The analysis compares the spread of renewable electricity production in all 16 federal states in Germany from 2004 to 2014, considering all 50 cabinets during this period. Using fuzzy-set QCA, it is possible to detect combinations of factors leading to the (non-) occurrence of accelerated expansion of renewable electricity production at the state level. In addition, the method allows to reveal equifinal pathways that connect different causal combinations to the same results.

Based on our data, we find two promising avenues for a successful expansion of renewable electricity production. On the one hand, a group of economically less developed states succeeded in pushing ahead with the expansion by using it as part of an economic innovation strategy. In contrast, within the economically more developed states the party composition of the respective state government (Green government involvement) played a significant role. The results hint at the so far underestimated role of renewable energy transformation as a factor of economic development under specific political scope conditions. It also shows ways for expansion strategies transferable to other (federal) countries.


California's Experience with Decentralized Clean Energy Systems: An Overview of State and Local Policies

Rosmarin Heather - hrosmarin@cleanenergyamericas.org - InterAmerican Clean Energy Institute - United States

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This paper provides an overview of California’s state and local policies to promote decentralized clean energy systems and to foster a transition away from fossil fuel-based energy.  


Distributed generation of renewable electricity plays an important role in meeting California’s energy needs. As of October 2016, almost 9,400 megawatts (MW) of renewable distributed generation (RDG) capacity were operating or installed in California, with an additional 900 MW pending. Thus, California is close to achieving a statewide goal to install 12,000 MW of RDG by 2020. RDG systems include solar, small hydro, biomass, wind, and geothermal projects of 20 MW or less which can operate both for self-generation and for providing energy to the market.


Policymakers’ motivations for supporting RDG include job creation, energy security, reduction of the climate and public health impacts of fossil fuel pollution, and avoidance of transmission and distribution line losses and infrastructure costs. In addition, RDG projects are important for achieving California’s recently enacted legislative goals to generate 50% of electricity from renewable resources and to reduce greenhouse gas emissions 40% below 1990 levels by 2030.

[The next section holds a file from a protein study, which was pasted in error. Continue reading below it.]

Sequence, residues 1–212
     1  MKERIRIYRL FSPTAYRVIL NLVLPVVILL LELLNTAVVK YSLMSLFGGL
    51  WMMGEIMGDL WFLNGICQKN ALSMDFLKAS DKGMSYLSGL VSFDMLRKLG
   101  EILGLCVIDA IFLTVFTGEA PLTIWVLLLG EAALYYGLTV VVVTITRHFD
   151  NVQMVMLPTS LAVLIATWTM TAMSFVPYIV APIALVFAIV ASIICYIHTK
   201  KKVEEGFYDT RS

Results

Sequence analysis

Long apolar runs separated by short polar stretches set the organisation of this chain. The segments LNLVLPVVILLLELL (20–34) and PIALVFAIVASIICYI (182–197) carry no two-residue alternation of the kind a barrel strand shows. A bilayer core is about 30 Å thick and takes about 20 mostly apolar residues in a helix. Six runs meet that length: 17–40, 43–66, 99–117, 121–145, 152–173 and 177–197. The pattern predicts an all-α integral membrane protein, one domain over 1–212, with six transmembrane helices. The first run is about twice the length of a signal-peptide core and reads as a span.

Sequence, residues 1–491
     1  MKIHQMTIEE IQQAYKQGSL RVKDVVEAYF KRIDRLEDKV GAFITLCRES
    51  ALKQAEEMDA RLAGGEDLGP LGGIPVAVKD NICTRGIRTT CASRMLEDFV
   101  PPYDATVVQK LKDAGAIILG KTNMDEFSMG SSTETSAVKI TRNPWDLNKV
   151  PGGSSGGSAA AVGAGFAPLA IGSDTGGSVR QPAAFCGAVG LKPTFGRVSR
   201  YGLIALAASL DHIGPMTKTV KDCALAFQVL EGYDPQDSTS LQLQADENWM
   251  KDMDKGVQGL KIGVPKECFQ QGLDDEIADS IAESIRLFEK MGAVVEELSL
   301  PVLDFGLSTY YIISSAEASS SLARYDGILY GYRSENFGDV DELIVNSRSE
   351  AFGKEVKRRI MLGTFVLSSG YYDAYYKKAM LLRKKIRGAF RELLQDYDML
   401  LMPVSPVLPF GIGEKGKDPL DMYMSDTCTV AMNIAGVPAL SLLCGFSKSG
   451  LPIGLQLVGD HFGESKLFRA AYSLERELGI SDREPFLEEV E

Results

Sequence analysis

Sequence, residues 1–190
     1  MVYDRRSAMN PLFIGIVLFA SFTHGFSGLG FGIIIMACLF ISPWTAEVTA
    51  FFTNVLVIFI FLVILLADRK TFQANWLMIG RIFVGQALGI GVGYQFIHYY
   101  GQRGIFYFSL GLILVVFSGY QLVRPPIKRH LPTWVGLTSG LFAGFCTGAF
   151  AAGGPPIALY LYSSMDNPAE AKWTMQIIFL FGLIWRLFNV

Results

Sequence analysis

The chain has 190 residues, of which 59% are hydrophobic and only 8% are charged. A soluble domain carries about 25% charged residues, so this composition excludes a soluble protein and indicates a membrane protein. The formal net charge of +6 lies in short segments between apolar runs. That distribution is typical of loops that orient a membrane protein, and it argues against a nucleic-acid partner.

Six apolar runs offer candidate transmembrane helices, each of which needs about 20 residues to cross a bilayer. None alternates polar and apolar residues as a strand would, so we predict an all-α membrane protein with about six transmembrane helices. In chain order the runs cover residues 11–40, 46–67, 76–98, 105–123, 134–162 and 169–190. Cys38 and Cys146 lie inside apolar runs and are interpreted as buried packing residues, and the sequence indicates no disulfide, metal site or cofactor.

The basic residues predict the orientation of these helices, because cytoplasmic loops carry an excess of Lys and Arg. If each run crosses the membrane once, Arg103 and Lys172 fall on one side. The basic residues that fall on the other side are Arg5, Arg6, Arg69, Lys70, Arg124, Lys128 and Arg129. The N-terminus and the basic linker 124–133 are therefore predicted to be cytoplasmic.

The paper summarizes the status of key state and local initiatives including:


-  Statewide goal to install 12,000 MW of RDG by 2020.

-  Net metering, feed-in-tariffs, and self-generation incentives that support RDG.

-  Procurement policies at the state and local levels that promote RDG.

-  Building standards and codes that facilitate RDG.

-  Policies that promote on-site and grid-scale storage of energy generated by RDG.

-  State technology and policy roadmaps for microgrids and transportation electrification.

-  Loading order policy, which prioritizes energy efficiency, renewable energy and distributed generation ahead of fossil fuels.

-  Local land use and permitting policies that facilitate RDG.

-  Local initiatives to transition from fossil fuel production to renewable energy production on public land.


Further, the paper considers the diversity of and interaction among policy mechanisms at multiple levels of government – state, county, and city – that are helping to achieve California’s RDG goals. Types of policy mechanisms used in California include legislation, regulation, executive orders, job creation & economic development plans, standards, procurement policies, financial incentives (e.g., grants, loans, rebates, credits), taxation, public-private partnerships, voter referenda, utility programs, and state-facilitated technology and policy roadmaps.


An important feature of California’s energy policymaking is significant involvement from the private sector as well as from university researchers and environmental and social justice nongovernmental organizations (NGOs). However, national energy policy currently plays a limited role in California’s RDG landscape. The primary means by which national policy interfaces with California’s RDG initiatives is through research and development funding and federal tax incentives for renewable energy development.